Why mobile is a gateway tool for hiring millennials
By Alex Samuely
December 18, 2015
Mobile could become hiring managers' favorite tool
Although mobile is typically synonymous with personal communication and advertising opportunities, it is also functioning as an optimal tool for locating premium new talent, especially among the millennial generation.
Several brands have taken to social media to market current openings and invite followers to peruse their career sites, likely finding an optimal advertising chance among their own fans. The advent of job-seeking and networking applications, such as LinkedIn and Poachable, have also paved the way for companies wanting to take the hiring process to a more digital landscape.
Not only is it smart to take this process mobile, it is essential especially when a business is looking to attract candidates in highly competitive industries, said Jeff Hasen, founder of Seattle-based Gotta Mobilize and author of The Art of Mobile Persuasion. Eighty-six percent of active candidates use their smartphone to begin a job search, according to Kelton Research.
Seventy percent of active candidates want to apply via mobile, he said. As to the idea of using ads and social, many eyes are already there, making this a prime place to be.
But it still goes back to understanding your audience. For some fields, you will be able to reach prospects there. But not all."
out to followers
Resortwear brand Lilly Pulitzer recently thanked some of its social media followers who attended a career event, and prompted Instagram users to click the link in its bio to discover more about the companys job offerings. The link then brought individuals to the Dream Job section of the Lilly Pulitzer site, which highlights life at the corporate headquarters as well as new store opening seeking more retail associates.
The post garnered more than 14,000 likes and 60 comments from excited fans wanting to get another glimpse of a career with one of their favorite brands.
Lilly Pulitzer's Instagram call-to-action for career-seekers
A social media-savvy brand, such as this retailer in particular, stands a good chance at attracting applications from consumers who feel passionate about the company.
It certainly can be a smart strategy, but it depends entirely on the brands identity and its existing level of engagement with social media users, said Vanessa Horwell, chief visibility officer of ThinkInk PR, Miami.
If the brand has an effective social foundation (i.e., a large follower base, millennial-savvy marketing strategy, and consistent, active social media presence), then the millennials who are already engaged with the brand will interact with the opening organically applying, sharing the listing, or tagging a friend who sounds like a good fit, she said.
Brands that lack strong social engagement, however, are unlikely to earn any new, tangible traction with millennials just from tweeting out a job opportunity and saying Were looking for rock stars! Join our awesome team! Millennials have a knack for seeing right through that (and scrolling right past it).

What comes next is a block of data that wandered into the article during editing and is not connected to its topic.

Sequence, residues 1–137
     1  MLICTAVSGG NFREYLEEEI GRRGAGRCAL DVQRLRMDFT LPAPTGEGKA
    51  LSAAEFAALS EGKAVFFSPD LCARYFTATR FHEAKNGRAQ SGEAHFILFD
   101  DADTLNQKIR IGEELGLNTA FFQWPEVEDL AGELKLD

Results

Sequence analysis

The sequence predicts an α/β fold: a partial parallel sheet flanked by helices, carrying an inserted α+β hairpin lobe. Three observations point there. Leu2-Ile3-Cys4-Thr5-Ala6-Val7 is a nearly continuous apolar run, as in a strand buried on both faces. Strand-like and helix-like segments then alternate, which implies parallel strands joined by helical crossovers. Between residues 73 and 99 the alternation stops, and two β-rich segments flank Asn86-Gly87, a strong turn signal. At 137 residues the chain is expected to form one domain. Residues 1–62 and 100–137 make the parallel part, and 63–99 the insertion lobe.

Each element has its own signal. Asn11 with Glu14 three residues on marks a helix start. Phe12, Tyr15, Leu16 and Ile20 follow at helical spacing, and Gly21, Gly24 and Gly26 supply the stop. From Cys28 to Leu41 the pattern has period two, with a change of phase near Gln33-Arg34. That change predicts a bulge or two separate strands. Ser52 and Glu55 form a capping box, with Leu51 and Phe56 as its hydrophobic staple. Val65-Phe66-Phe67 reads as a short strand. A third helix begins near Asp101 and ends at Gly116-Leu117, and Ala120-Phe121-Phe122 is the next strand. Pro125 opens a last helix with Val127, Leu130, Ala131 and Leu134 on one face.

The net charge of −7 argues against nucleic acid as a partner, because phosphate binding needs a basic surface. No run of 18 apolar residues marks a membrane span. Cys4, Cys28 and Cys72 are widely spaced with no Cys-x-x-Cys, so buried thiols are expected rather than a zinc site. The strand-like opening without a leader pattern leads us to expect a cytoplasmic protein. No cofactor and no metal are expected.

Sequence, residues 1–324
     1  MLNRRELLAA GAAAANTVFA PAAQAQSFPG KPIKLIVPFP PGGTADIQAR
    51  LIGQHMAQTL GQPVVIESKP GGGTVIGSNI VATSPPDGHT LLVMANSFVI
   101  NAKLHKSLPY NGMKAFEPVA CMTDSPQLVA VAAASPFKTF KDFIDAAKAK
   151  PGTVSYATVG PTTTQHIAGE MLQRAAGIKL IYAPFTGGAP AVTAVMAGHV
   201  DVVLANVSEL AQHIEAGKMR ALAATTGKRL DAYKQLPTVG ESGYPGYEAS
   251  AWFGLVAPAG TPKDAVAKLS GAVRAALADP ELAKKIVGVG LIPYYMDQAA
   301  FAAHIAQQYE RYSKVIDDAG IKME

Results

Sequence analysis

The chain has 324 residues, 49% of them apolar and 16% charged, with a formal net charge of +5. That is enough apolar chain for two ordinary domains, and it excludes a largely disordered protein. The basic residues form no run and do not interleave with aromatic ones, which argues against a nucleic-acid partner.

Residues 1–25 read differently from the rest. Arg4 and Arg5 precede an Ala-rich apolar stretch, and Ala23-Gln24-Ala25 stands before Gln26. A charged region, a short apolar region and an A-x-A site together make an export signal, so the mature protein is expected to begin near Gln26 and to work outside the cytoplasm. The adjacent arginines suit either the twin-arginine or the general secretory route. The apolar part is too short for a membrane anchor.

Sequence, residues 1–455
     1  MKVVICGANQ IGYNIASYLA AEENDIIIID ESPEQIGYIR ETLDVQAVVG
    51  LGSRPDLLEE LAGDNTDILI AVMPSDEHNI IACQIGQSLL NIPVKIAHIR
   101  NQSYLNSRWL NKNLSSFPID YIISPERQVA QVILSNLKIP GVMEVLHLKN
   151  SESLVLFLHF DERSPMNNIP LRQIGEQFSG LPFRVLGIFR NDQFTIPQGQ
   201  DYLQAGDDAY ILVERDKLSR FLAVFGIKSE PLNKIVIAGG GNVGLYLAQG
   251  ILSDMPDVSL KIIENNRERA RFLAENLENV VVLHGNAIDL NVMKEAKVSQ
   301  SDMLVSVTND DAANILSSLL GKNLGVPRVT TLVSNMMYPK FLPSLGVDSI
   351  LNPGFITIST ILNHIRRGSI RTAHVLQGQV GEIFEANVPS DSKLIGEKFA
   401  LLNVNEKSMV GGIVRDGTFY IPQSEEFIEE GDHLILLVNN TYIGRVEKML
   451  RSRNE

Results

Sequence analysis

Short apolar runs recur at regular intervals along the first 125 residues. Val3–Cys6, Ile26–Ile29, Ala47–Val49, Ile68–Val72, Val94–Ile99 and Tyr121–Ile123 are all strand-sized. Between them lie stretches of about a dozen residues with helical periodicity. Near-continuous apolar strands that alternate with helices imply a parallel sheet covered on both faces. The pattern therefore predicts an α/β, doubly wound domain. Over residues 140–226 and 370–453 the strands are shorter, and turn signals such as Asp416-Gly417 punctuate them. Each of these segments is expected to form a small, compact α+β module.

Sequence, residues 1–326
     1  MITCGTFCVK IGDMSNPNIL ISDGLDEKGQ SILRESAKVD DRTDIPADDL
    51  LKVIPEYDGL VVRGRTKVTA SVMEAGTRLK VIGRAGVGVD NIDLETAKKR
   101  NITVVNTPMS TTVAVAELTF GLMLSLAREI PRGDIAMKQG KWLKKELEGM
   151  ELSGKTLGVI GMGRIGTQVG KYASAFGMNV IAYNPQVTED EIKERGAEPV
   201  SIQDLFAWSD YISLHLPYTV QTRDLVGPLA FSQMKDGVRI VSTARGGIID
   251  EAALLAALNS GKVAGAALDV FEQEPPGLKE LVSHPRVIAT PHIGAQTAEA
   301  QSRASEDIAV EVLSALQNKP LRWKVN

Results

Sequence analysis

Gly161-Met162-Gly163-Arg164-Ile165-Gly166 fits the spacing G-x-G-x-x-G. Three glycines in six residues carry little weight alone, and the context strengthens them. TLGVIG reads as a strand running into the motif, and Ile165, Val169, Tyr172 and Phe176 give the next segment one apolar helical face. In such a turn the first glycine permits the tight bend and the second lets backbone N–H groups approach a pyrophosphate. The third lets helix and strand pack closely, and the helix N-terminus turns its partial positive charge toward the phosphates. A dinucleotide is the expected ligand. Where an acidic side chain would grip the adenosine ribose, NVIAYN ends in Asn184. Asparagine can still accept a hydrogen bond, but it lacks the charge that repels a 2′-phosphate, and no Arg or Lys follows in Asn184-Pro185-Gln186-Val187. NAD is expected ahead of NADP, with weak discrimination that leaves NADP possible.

the right talent
While the very nature of the company depends on the effectiveness of mobile hiring, tapping into apps and social media is a smart way of discovering digitally-savvy talent. Furthermore, if brands locate potential candidates, they can pre-screen applicants by asking them to conduct video interviews or answer a simple test via smartphones.
The ubiquity of social media also makes it an easy tool to leverage when aiming to attract a wide audience of applicants.
A plethora of brands have already engaged in this strategy, leaning on mobile marketing to target individuals deep in the job-searching trenches as well as to simplify the hiring process for managers.
This past September, Marriott International appealed to job seekers on Instagram by promoting career site LinkedIns nationwide tour on the social network as well as a mobile-optimized site (see story).
American Express accepts mobile applications
Meanwhile, American Express is working diligently to offer a slew of mobile features for anyone applying for an open position, including the ability to refer a friend via LinkedIn, to conduct an interview with prewritten questions on mobile and the use of gamification modules for some interviews (see story).
Mobile marketing will absolutely be key to the future of hiring, and the rise of job-seeking apps like LinkedIns is just the beginning, Ms. Horwell said. 2015 marked the first year that Google saw more searches from mobile devices than desktop computers, and mobile-first search is poised to dominate in 2016 for job hunting and practically every other endeavor.
HR departments must accept the new mobile-first reality in order to attract todays applicants, so theyre wise to keep an eye on mobile job-search trends, engage with popular recruiting apps, and ensure (at the very minimum) that their job listings are optimized for smartphone viewing.
Alex Samuely, staff writer on Mobile Marketer, New York
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